I remember walking into my first class and the excitement of the 35 kids immediately overwhelmed me. All they wanted to do was learn about worms and they couldn’t stop talking about what they already knew. I went into all my classes with this excitement and joy and thought about how I can stimulate their curiosity through the practical experience that worm farming and gardening has to offer.

As the months passed and I got to know the children and teachers, I got a different insight into what Earthchild Project was really about, and this was particularly evident at the 8-day Earthchild Alumni Camp in Greyton. Most of the participants have been part of the Earthchild Project Programme for more than 5 years, from the age of about 7 or 8 years old.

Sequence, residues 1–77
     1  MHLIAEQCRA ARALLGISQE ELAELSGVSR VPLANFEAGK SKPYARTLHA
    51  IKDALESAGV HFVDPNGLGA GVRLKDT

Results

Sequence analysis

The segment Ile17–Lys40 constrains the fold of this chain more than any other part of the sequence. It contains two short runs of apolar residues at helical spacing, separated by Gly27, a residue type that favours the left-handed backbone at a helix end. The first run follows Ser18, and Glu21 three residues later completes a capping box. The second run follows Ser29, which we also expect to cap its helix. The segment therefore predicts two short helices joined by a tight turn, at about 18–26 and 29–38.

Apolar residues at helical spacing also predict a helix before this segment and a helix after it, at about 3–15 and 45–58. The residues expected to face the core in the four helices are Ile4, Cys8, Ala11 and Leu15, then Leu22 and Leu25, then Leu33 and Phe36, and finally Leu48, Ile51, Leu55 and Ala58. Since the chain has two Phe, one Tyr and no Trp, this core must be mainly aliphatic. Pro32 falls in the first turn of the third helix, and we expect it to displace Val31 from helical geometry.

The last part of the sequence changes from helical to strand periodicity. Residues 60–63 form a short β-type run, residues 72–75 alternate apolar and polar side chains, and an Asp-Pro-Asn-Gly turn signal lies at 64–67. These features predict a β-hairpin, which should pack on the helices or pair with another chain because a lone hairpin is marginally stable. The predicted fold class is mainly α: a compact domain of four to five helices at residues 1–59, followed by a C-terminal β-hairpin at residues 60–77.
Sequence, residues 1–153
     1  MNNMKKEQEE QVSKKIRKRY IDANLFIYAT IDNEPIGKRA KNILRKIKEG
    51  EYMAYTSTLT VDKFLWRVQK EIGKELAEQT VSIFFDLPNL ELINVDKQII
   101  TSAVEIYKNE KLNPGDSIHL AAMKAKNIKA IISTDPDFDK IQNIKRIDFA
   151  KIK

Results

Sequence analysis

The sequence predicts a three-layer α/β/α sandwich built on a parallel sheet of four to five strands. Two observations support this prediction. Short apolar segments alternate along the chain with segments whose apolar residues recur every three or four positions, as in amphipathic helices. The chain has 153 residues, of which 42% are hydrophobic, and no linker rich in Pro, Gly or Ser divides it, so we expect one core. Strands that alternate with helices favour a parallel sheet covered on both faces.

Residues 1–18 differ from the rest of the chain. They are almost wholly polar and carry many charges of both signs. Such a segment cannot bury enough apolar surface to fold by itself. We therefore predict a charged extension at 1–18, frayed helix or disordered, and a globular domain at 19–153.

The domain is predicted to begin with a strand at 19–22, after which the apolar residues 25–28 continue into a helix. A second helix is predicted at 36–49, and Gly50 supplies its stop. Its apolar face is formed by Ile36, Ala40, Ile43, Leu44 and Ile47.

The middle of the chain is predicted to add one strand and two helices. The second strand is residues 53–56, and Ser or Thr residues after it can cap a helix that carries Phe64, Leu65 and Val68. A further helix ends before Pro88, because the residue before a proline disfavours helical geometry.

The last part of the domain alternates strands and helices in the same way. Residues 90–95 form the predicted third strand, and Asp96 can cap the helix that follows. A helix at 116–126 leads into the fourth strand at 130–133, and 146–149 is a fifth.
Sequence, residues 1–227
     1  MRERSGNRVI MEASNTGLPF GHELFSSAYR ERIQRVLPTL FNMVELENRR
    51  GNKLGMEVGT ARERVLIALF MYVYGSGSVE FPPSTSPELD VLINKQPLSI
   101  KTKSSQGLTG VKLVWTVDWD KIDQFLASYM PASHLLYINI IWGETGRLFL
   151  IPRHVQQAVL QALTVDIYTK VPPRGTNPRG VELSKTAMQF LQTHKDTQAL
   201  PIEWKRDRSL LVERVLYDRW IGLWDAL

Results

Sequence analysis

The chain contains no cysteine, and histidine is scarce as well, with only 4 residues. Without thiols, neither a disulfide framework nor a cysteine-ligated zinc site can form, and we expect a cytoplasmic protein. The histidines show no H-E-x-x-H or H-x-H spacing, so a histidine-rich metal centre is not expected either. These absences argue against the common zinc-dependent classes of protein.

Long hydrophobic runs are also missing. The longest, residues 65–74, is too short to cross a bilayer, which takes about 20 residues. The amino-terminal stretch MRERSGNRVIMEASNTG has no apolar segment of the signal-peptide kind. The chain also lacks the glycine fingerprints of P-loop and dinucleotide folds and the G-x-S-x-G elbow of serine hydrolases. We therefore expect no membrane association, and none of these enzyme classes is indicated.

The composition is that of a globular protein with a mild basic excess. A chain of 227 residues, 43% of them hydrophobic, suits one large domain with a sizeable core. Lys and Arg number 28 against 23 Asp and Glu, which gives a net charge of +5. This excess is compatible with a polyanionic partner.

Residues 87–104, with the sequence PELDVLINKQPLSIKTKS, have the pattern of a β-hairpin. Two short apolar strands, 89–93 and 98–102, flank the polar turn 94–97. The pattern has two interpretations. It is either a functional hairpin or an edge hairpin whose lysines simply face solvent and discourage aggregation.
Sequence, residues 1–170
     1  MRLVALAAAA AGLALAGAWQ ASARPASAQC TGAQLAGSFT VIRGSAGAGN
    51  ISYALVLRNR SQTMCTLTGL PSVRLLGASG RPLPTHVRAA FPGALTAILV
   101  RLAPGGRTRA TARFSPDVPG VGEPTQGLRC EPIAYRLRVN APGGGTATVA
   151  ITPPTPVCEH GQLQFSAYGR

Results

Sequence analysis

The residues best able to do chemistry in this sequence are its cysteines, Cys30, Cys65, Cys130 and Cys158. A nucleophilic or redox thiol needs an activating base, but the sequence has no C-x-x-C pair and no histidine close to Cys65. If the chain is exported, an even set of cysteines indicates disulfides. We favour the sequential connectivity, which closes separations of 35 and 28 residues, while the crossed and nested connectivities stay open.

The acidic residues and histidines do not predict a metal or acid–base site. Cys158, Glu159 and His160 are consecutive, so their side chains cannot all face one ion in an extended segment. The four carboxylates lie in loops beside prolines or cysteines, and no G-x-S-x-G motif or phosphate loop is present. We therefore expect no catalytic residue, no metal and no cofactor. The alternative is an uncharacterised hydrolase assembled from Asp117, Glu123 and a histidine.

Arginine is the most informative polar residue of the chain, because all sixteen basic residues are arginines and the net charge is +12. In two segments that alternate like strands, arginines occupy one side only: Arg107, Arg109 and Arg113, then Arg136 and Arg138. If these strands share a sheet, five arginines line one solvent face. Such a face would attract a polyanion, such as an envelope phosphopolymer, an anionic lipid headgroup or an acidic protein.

At the camp I got to spend more time with the Alumni group and during this time this group of young people really inspired me and changed the way I see and think about Earthchild Project. What really stood out about the group was the way they stood up and took responsibility and promoted the idea of positive actions and initiatives to support their fellow young people.They participated fully, asked questions, and gave valuable opinions and thoughts on important topics and activities presented at the camp. They openly shared their fears, struggles, and obstacles – and worked on their visions, goals and intentions. They helped, supported and encouraged one another through personal issues, struggles and illness that came up at the camp.